Above all, there is arrogance based upon privilege. For revolving-door leaders in the U.S. and Europe, if you didn’t go to the right prep school and elite university, you couldn’t possibly be capable of comprehending, let alone changing, the world…….

That educational insularity is corrosive and potentially catastrophic: Our “best” universities prepare students to sustain the current system, instilling vague hopes of managing petty reforms.

But dramatic, revolutionary change in geopolitics never comes from insiders. It’s the outsiders who change the world.

An Athenian general once wrote:

The state that separates its scholars from its warriors will have its laws made by cowards, and its fighting done by fools.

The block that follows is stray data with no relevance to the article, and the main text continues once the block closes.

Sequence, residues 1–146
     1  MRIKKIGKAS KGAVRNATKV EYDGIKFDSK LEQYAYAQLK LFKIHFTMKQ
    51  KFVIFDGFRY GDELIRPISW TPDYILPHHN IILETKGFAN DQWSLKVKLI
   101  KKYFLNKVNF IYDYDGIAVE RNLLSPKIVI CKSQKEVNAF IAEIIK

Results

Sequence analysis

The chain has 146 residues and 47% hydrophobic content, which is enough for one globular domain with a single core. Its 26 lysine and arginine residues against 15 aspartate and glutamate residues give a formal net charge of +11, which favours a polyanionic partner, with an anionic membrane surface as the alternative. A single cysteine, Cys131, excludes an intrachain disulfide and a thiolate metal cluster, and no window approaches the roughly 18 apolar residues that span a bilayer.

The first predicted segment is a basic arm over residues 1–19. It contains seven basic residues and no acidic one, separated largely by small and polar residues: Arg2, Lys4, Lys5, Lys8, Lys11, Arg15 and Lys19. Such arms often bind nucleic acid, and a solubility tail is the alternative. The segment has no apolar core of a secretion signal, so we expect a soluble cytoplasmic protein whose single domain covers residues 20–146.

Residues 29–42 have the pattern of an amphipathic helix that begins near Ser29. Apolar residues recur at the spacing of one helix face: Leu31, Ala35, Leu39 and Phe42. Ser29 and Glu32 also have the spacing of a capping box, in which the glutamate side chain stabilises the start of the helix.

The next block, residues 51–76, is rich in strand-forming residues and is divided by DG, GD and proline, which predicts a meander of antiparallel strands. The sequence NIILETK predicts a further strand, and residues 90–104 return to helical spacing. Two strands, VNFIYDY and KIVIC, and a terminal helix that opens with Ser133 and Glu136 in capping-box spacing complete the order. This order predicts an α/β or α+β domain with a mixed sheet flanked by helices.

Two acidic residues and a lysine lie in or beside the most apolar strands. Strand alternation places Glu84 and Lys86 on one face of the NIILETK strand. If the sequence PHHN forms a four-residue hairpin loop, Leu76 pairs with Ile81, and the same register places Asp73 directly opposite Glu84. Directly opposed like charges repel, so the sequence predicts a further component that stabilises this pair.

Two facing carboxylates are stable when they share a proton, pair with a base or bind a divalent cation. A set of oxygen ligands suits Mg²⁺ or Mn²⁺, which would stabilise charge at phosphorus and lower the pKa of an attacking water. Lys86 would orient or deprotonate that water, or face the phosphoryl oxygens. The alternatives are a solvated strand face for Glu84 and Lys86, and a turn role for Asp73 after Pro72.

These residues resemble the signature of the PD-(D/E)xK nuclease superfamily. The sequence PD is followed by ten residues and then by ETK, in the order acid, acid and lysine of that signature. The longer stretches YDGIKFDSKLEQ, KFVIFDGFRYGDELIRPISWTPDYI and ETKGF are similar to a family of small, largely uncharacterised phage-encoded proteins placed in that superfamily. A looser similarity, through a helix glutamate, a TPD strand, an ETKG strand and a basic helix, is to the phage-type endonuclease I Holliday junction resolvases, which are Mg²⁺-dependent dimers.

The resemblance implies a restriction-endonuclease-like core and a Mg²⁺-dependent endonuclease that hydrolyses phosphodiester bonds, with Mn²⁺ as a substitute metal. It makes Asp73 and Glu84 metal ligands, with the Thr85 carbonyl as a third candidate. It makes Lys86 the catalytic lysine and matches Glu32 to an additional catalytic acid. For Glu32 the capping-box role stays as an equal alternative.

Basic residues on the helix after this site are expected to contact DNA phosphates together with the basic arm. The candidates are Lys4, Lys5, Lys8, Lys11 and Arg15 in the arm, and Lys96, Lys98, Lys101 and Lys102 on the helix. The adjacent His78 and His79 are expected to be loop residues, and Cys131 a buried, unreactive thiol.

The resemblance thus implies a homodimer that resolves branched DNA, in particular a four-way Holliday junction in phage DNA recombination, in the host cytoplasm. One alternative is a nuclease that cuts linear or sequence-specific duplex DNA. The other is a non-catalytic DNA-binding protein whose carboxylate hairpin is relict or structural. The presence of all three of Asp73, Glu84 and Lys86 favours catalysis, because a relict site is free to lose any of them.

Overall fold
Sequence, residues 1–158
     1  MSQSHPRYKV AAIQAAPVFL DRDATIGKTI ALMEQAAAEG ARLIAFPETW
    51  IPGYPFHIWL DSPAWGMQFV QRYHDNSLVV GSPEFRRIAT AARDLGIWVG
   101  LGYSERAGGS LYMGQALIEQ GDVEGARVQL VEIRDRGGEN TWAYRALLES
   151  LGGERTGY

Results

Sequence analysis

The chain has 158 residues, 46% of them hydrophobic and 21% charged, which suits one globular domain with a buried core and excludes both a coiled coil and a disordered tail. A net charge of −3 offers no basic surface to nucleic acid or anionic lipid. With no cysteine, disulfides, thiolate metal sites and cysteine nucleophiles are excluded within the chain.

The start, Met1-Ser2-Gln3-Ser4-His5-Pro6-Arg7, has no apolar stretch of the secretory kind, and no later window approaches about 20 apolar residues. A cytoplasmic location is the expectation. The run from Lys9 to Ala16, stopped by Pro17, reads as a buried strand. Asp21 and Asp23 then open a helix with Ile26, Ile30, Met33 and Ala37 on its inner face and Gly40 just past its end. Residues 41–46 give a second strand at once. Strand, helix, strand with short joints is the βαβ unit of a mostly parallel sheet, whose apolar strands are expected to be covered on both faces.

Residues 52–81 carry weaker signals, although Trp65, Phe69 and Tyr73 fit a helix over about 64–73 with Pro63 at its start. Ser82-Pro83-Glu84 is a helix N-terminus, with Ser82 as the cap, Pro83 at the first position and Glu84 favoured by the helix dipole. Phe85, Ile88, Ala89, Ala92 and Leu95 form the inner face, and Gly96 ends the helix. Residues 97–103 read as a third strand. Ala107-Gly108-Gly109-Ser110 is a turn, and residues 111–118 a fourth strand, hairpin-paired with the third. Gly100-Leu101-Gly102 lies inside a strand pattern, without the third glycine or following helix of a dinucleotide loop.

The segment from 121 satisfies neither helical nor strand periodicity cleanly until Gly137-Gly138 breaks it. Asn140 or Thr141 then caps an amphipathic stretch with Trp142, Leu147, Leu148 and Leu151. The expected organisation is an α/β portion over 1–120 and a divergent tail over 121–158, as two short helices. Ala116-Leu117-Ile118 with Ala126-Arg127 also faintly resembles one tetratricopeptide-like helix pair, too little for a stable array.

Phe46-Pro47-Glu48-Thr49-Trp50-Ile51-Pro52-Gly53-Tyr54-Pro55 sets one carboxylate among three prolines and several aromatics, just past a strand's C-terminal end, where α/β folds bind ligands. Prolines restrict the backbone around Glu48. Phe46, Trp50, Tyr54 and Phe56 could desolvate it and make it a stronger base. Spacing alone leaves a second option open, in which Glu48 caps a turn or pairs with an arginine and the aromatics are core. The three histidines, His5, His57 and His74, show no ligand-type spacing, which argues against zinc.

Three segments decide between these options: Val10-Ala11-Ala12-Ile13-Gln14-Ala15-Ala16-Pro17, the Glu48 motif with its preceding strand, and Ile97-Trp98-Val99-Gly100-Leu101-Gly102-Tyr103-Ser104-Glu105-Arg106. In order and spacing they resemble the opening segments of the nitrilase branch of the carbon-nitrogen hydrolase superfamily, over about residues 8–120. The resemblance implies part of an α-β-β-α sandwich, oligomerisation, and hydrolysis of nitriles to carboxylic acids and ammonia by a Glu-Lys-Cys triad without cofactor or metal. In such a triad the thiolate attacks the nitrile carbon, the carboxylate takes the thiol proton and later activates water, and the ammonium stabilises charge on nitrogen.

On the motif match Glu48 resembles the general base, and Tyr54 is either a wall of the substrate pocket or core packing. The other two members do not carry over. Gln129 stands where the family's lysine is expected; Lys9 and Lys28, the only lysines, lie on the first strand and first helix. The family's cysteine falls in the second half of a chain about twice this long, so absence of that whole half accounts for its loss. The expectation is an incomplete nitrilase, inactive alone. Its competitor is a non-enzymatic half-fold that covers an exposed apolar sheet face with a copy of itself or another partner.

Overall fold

~ Thucydides (c. 460 BC – c. 400 BC)

Read more at Why our prep-school diplomats fail against Putin and ISIS | New York Post.

Another downward leg for crude?

Nymex Light Crude is headed for another test of support at $45/barrel. Breach would signal a decline, with a medium-term target of $35/barrel*.

Nymex WTI Light Crude and Brent Sweet Crude

* Target calculation: 45 – ( 55 – 45 ) = 35

Saturation of available storage capacity (see Crude in Contango) is expected to force sellers into the market and drive prices lower.